The revival of “Roseanne” arrived with a jolt Tuesday night, nabbing over 18 million viewers — so much so that series star Sara Gilbert says she was “in shock” when the numbers were first reported.

“I knew that we performed better than people expected, but I didn’t understand that they were such phenomenal numbers at first,” Gilbert tells Variety. “It took me a minute.”

Gilbert, who not only stars in the sitcom but was one of the architects of the revival, says once it all sunk in, she was “thrilled” by the response. “You want people to connect and want to reach your audience and so often in this life and in this industry you fall short of achieving of what you want,” she says. “I’m just thrilled that people let us into their homes… I never expected this kind of response and I feel beyond grateful. There are no words because the words all sound cliche. I think the entire cast and producers, we’re all extremely grateful that America showed up.”

She credits the show’s success with audiences’ familiarity with the issues that face a working class family like the Conners. “I think that the Conners have always been a real family with real struggles and never a picture perfect family,” she says. “That’s something timeless, and hopefully that’s what they related to.”

Gilbert thinks viewers also responded to the political divide explored in the first episode, which found Roseanne Barr’s titular character, a Trump supporter, at odds with her sister, Jackie (Laurie Metcalf) over the results of the 2016 election. “Almost every family is divided over politics right now in our country,” she says. “We really wanted to show a family dealing with the divide over politics that can still love each other and come together in the end.”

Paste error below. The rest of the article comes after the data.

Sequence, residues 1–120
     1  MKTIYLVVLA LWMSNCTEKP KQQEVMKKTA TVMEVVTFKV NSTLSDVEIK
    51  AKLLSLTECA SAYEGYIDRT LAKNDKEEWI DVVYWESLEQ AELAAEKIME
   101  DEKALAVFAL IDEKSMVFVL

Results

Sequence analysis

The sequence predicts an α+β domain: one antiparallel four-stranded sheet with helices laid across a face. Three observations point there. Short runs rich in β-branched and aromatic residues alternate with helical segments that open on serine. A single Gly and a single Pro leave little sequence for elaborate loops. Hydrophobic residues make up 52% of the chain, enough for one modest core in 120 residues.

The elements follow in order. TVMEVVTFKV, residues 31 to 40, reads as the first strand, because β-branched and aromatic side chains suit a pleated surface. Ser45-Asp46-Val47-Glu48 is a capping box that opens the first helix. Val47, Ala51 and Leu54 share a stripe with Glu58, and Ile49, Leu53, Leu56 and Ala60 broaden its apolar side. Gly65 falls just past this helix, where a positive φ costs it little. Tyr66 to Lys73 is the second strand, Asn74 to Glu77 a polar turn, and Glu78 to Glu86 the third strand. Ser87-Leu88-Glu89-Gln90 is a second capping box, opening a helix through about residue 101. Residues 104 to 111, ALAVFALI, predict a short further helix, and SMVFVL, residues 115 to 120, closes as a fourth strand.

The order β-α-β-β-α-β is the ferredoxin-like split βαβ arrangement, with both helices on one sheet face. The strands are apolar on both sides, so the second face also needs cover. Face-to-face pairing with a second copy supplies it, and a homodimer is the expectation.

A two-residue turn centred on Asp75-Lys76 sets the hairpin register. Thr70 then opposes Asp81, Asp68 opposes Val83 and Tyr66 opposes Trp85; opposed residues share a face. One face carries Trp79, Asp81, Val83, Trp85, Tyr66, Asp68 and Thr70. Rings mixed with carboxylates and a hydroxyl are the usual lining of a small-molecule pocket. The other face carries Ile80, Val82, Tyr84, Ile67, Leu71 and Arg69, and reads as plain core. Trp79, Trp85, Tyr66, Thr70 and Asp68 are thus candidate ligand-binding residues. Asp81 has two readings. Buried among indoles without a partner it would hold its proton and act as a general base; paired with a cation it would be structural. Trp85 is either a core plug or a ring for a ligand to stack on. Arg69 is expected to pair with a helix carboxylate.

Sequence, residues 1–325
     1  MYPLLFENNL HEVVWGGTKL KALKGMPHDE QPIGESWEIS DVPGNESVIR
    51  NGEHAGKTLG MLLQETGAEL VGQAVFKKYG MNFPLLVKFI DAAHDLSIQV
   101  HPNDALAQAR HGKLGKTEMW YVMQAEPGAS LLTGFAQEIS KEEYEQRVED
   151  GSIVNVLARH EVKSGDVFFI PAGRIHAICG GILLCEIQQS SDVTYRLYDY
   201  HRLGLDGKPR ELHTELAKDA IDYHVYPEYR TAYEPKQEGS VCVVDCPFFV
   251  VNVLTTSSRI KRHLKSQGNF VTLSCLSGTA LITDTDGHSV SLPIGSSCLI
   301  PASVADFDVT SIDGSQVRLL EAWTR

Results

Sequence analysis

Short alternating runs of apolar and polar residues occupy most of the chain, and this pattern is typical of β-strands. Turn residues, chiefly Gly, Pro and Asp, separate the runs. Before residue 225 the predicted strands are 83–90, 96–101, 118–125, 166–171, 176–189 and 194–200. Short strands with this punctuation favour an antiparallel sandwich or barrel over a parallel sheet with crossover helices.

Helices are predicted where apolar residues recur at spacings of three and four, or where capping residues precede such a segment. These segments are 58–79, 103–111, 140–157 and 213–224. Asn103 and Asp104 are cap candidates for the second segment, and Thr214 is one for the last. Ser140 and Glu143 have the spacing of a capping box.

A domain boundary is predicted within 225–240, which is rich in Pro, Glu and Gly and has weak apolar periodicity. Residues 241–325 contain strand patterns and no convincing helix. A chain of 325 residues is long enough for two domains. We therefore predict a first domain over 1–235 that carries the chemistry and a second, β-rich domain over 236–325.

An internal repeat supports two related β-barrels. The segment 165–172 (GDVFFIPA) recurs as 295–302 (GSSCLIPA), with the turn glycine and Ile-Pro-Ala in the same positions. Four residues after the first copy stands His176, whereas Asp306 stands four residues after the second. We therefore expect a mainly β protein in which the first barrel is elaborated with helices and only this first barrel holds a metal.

The rest of the season will bring coverage of other issues facing the family, from the high cost of health care to drug addiction. “We tried to tell stories that people are dealing with in this country and with their families in a humorous and heartfelt way,” she says. “I’m hopeful that people will continue to show up. We definitely put our heart and soul into it and I hope they go on the ride with us.”

Gilbert says it’s ultimately a vote of confidence for broadcast TV given the current cluttered landscape of over 500 scripted series. “It’s hard to compete in that landscape,” she says. “It helps to have a show with a built-in audience. People’s long relationship with us certainly gave us a leg up, but we’ve seen from other shows too that broadcast television is not dead. it’s just a harder landscape to survive in.”

And while other reboot attempts may have struggled, she credits “good timing” and the show’s creative team with making sure “Roseanne” still felt relevant. “Hopefully we stay true to the original show,” she says. Ahead of the premiere, Gilbert told Variety that maintaining the integrity of the original series was paramount to her and the rest of the creative time. “We got to address really important issues through the family relationships and through the comedy,” she said. “It really wasn’t ever hitting people over the head with a message or trying to convince anybody of anything. … So we wanted to tackle the issues of today through the family dynamic and through the humor of the show.”

The cast has been texting each other all day, Gilbert reports. “Everyone’s thrilled that it was born of love — a love for the work, a love for the show, a love for each other, and a love for the people who watched,” she says.

And though she won’t comment on prospects for a second season, she allows that “it has crossed my mind.” And she’s confident the rest of the cast would be on board. “I know we all loved doing it,” she says. “It’s all of our dream jobs. So I think everyone would love to make more.”